April 12, 2006

Morality, Humanity and Civilization: "Nothing remains...but memories"

The San Francisco Chronicle is offering a ten-part series about the Great Earthquake of 1906 and its aftermath. The opening installment begins:
Samuel Dickson was 17 years old, almost a man, that April night in San Francisco 100 years ago. He and a friend had gotten standing-room tickets for the opera and heard the great Caruso sing.

The night was clear and beautiful, so after the opera they went to the top of Telegraph Hill to look at the city -- the lights of the Barbary Coast, the steeple of Old St. Mary's Church on California Street, the rounded domes of Temple Emanu-El on Sutter, the alleys of Chinatown and the distant gilded dome of City Hall.

"It's the most beautiful city in the world," his friend said.

Dickson remembered that remark all of his long life, because the next morning, April 18, 1906, would begin three surreal days of terror, flight and chaos. A killer earthquake would strike. Untold numbers of people would die. Uncontrollable fires would rage at temperatures of 2,000 degrees. At least 250,000 people would be left homeless. And everything that Dickson saw before him, the great city of San Francisco, would be destroyed.

"San Francisco is gone," Jack London wrote later. "Nothing remains of it but memories."
Nature frequently does not announce in advance her intentions to fundamentally alter the world. Men often do -- and usually such warnings are ignored.

Today, we are all Samuel Dickson, although we rarely express our gratitude for the beauties and achievements of civilization as his friend did on that innocent April night 100 years ago. Almost all of us take them for granted: they have existed throughout our lives and longer, and we assume they always will. History teaches us that this is not true, and that it has never been true -- but we choose to ignore that lesson, too. And while Dickson had no reason to think the world as he knew it would be forever changed by the next morning, we have no similar excuse. The foundations of the civilized world have been steadily eroded for some time, and now we stand on the precipice. Most of us appear to be completely unaware of what lies before us, should we make the wrong choice.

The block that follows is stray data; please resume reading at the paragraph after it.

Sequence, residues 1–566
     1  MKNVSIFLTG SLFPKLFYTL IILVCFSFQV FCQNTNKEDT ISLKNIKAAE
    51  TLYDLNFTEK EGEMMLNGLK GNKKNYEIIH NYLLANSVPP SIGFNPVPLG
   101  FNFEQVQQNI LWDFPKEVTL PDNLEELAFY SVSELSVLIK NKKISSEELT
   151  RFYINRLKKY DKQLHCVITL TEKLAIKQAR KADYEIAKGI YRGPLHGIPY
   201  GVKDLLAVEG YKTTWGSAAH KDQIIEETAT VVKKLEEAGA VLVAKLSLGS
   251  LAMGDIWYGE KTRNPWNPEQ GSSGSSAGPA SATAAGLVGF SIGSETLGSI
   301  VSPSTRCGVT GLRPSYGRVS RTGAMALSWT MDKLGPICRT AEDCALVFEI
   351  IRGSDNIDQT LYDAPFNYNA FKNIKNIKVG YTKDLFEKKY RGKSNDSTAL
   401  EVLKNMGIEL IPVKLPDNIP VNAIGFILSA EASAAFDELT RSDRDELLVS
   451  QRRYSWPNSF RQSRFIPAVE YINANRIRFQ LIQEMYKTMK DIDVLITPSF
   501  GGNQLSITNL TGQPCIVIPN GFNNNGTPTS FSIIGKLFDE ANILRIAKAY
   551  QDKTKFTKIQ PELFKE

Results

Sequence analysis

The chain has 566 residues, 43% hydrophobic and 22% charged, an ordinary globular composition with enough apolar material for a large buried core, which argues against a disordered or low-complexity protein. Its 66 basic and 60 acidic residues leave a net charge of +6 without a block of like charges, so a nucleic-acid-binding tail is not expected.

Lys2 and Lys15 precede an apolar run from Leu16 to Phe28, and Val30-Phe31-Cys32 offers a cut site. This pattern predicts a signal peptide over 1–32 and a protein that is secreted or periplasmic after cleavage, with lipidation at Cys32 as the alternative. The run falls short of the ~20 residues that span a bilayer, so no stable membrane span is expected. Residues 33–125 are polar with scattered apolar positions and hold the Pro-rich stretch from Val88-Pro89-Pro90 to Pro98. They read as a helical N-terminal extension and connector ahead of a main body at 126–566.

I have found it close to impossible to do much writing recently for a variety of reasons, and I have not yet completed my last series on Iran. (Earlier entries in the Iran series will be found here, with links to other parts at the beginning of this post.) One of those reasons has been an overwhelming sense of futility: I cannot believe that anything I write will make a difference in any way that matters. I think our course is set, and there is almost nothing that can change it. The people who would irrevocably change our world, perhaps for centuries to come, have made up their minds, and they will not be dissuaded. But I said almost nothing can alter our course. I have one suggestion to offer, which I will get to shortly.

Billmon has written a bleak and dispiriting essay about the likely coming attack on Iran, and the administration's proposed use of "tactical" nuclear weapons. I agree with most of what he says, which I consider to be very accurate. I have a few minor criticisms of his piece, and one correction in particular to offer. Before mentioning the correction, let us be very, very clear on a preliminary issue.

Any military attack by the United States on Iran within the foreseeable future -- even an attack using only conventional weapons -- would be profoundly immoral, and eternally unforgivable. Remember the critical facts: all experts agree that Iran is approximately five to ten years away from having a nuclear weapon. Moreover, Iran is fully entitled to take the actions it does at present, including the enrichment of uranium it announced yesterday. It is entitled to take those actions under the terms of the Nuclear Nonproliferation Treaty, to which it is a signatory. While we condemn Iran and maintain that its actions are "intolerable" and "unacceptable" -- even though they are entirely permissible under the relevant agreements, and are only "intolerable" because we say so without any moral, legal or strategic justification for that stance -- we carve out exceptions for a country like India, which is not a signatory to the nonproliferation treaty. The position of the United States is an entirely unprincipled one, and one which devolves into incoherence.